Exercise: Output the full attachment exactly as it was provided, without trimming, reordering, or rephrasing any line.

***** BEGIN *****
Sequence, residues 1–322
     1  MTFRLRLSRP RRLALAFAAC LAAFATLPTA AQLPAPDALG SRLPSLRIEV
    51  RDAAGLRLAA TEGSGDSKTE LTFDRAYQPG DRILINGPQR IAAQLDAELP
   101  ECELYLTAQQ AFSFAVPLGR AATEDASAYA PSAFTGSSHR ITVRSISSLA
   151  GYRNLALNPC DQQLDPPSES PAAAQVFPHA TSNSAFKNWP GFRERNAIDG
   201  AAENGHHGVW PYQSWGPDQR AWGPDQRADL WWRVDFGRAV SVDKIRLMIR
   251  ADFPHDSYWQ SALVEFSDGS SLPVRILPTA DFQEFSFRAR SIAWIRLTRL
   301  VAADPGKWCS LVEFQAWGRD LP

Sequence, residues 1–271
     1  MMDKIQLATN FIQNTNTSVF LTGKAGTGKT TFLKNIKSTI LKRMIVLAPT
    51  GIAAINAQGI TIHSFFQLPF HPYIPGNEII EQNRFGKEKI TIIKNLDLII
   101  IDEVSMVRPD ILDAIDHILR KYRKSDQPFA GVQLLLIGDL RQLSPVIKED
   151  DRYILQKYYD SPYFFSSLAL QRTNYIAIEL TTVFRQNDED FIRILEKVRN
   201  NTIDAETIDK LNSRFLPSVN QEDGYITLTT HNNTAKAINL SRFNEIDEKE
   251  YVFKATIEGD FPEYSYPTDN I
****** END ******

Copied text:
Sequence, residues 1–322
     1  MTFRLRLSRP RRLALAFAAC LAAFATLPTA AQLPAPDALG SRLPSLRIEV
    51  RDAAGLRLAA TEGSGDSKTE LTFDRAYQPG DRILINGPQR IAAQLDAELP
   101  ECELYLTAQQ AFSFAVPLGR AATEDASAYA PSAFTGSSHR ITVRSISSLA
   151  GYRNLALNPC DQQLDPPSES PAAAQVFPHA TSNSAFKNWP GFRERNAIDG
   201  AAENGHHGVW PYQSWGPDQR AWGPDQRADL WWRVDFGRAV SVDKIRLMIR
   251  ADFPHDSYWQ SALVEFSDGS SLPVRILPTA DFQEFSFRAR SIAWIRLTRL
   301  VAADPGKWCS LVEFQAWGRD LP

Sequence, residues 1–271
     1  MMDKIQLATN FIQNTNTSVF LTGKAGTGKT TFLKNIKSTI LKRMIVLAPT
    51  GIAAINAQGI TIHSFFQLPF HPYIPGNEII EQNRFGKEKI TIIKNLDLII
   101  IDEVSMVRPD ILDAIDHILR KYRKSDQPFA GVQLLLIGDL RQLSPVIKED
   151  DRYILQKYYD SPYFFSSLAL QRTNYIAIEL TTVFRQNDED FIRILEKVRN
   201  NTIDAETIDK LNSRFLPSVN QEDGYITLTT HNNTAKAINL SRFNEIDEKE
   251  YVFKATIEGD FPEYSYPTDN I